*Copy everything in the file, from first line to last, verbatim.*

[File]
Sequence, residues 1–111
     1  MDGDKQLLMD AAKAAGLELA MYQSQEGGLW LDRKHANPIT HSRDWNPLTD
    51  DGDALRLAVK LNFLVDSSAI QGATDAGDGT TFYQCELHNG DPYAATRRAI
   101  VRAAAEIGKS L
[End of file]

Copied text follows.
Sequence, residues 1–111
     1  MDGDKQLLMD AAKAAGLELA MYQSQEGGLW LDRKHANPIT HSRDWNPLTD
    51  DGDALRLAVK LNFLVDSSAI QGATDAGDGT TFYQCELHNG DPYAATRRAI
   101  VRAAAEIGKS L